Adjudicating Climate Change: State, National, and International Approaches
In March 2003, I wrote an article for the Environmental Law Reporter surveying potential international judicial forums where victims of global warming could bring lawsuits. In the ensuing six years, numerous lawsuits have been brought in the United States and in other countries, and environmentalists can now celebrate their first significant victory. In April 2007, based upon its finding that greenhouse gases are pollutants under Section 202(a)(1) of the U.S. Clean Air Act, the Supreme Court in Massachusetts v. EPA held that the U.S. Environmental Protection Agency (EPA) has the authority to regulate greenhouse gases.
Though we are still in the early days of global warming litigation, these lawsuits are having a significant impact on the legal and political climate. In response to a good deal of popular and academic discussion suggesting that those most responsible for the global warming problem be held legally accountable, corporations in the carbon sector are becoming concerned about the extent of their potential legal liability. This concern is one reason they are coming to publicly accept the reality of anthropogenic-caused global warming, and the corresponding need for regulation of greenhouse gas emissions.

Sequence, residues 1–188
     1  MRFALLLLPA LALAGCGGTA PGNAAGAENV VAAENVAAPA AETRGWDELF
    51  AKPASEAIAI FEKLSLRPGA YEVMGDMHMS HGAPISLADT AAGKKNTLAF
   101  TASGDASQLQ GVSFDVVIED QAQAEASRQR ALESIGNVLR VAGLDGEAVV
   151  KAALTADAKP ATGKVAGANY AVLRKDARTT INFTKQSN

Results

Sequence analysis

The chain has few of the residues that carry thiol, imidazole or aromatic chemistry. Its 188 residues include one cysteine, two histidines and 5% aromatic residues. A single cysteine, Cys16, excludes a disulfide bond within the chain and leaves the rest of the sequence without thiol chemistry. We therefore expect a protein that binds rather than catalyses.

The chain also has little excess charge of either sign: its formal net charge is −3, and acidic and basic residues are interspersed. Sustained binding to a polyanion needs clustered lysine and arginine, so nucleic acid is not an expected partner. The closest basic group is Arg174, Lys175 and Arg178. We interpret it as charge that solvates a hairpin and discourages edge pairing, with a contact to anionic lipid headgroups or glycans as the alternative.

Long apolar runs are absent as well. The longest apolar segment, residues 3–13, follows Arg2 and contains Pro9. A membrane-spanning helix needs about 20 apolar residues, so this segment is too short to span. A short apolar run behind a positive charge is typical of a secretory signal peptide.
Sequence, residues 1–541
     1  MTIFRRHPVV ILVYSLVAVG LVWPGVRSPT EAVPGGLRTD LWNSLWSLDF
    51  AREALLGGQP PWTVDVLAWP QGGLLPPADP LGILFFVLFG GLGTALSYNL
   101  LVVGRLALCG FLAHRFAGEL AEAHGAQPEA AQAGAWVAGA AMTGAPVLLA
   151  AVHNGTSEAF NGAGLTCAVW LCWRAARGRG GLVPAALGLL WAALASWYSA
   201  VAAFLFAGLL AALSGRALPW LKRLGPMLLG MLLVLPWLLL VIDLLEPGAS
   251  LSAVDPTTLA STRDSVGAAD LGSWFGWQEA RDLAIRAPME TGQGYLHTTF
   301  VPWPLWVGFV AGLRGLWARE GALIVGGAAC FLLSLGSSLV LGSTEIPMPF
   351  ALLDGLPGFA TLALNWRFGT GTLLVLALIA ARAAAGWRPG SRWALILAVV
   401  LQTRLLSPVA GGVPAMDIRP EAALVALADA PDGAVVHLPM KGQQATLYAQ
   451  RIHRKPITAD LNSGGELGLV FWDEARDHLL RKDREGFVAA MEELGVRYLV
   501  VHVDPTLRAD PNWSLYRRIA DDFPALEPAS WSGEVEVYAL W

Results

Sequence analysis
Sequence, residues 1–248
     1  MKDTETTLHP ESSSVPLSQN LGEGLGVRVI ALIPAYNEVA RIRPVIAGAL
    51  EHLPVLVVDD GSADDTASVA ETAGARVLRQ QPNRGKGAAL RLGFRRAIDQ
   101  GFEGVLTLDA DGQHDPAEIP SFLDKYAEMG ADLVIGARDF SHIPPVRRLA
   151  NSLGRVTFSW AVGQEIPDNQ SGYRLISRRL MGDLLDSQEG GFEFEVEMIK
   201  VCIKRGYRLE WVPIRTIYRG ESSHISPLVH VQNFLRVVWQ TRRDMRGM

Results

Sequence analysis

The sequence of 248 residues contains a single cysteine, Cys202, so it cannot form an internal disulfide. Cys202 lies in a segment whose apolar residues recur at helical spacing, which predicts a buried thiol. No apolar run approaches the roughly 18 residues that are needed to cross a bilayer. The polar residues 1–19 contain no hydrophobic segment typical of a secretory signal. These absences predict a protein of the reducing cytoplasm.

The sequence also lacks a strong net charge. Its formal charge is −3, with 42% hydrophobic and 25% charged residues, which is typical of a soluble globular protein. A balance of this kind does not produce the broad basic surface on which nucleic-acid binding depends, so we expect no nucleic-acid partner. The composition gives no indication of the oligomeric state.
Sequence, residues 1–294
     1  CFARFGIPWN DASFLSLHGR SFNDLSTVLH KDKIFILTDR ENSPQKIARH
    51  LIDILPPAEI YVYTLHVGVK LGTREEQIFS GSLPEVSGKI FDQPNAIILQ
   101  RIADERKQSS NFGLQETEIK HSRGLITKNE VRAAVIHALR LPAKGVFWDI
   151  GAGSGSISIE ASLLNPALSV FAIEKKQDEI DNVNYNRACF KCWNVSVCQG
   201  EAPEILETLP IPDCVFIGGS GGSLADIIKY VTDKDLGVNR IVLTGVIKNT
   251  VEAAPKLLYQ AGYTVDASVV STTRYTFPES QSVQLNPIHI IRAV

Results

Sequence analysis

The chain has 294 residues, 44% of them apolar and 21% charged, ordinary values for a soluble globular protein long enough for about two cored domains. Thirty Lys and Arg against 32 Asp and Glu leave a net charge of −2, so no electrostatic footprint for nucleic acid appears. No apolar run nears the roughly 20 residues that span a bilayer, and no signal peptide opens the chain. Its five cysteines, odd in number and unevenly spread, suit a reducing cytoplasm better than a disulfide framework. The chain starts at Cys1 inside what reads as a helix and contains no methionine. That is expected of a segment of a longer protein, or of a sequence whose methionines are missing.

Despite the significance of this litigation, however, global warming actions thus far have almost all been brought in domestic rather than international forums. The only exceptions are a petition by the Inuit to the Inter-American Commission on Human Rights, and petitions by environmental groups and others to UNESCO's World Heritage Committee to include various natural sites as world heritage endangered by global warming.
Copyright © 2009, Cambridge University Press
Cambridge University Press
Place of Publication
New York, NY
Strauss, Andrew L., "Climate Change Litigation: Opening the Door to the International Court of Justice" (2009). School of Law Faculty Publications. 3.